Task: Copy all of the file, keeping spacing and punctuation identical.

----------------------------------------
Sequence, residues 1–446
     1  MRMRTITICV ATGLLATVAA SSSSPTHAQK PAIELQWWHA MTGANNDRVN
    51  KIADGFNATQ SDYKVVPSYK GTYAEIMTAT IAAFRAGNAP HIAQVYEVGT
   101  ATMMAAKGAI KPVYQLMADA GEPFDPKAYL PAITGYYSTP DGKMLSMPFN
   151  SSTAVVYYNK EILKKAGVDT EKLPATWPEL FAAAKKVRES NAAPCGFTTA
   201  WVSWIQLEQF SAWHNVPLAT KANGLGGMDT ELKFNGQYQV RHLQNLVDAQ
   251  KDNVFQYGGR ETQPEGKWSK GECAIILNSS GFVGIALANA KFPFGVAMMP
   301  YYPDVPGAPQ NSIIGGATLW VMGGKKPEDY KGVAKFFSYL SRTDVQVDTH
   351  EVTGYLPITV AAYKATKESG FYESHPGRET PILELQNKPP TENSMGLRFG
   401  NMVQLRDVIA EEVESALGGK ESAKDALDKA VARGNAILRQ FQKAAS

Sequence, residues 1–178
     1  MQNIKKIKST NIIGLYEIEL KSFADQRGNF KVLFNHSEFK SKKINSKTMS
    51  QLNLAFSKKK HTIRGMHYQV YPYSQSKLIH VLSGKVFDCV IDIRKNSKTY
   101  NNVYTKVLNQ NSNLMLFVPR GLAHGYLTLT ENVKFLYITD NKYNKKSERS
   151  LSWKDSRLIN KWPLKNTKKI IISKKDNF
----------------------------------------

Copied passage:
Sequence, residues 1–446
     1  MRMRTITICV ATGLLATVAA SSSSPTHAQK PAIELQWWHA MTGANNDRVN
    51  KIADGFNATQ SDYKVVPSYK GTYAEIMTAT IAAFRAGNAP HIAQVYEVGT
   101  ATMMAAKGAI KPVYQLMADA GEPFDPKAYL PAITGYYSTP DGKMLSMPFN
   151  SSTAVVYYNK EILKKAGVDT EKLPATWPEL FAAAKKVRES NAAPCGFTTA
   201  WVSWIQLEQF SAWHNVPLAT KANGLGGMDT ELKFNGQYQV RHLQNLVDAQ
   251  KDNVFQYGGR ETQPEGKWSK GECAIILNSS GFVGIALANA KFPFGVAMMP
   301  YYPDVPGAPQ NSIIGGATLW VMGGKKPEDY KGVAKFFSYL SRTDVQVDTH
   351  EVTGYLPITV AAYKATKESG FYESHPGRET PILELQNKPP TENSMGLRFG
   401  NMVQLRDVIA EEVESALGGK ESAKDALDKA VARGNAILRQ FQKAAS

Sequence, residues 1–178
     1  MQNIKKIKST NIIGLYEIEL KSFADQRGNF KVLFNHSEFK SKKINSKTMS
    51  QLNLAFSKKK HTIRGMHYQV YPYSQSKLIH VLSGKVFDCV IDIRKNSKTY
   101  NNVYTKVLNQ NSNLMLFVPR GLAHGYLTLT ENVKFLYITD NKYNKKSERS
   151  LSWKDSRLIN KWPLKNTKKI IISKKDNF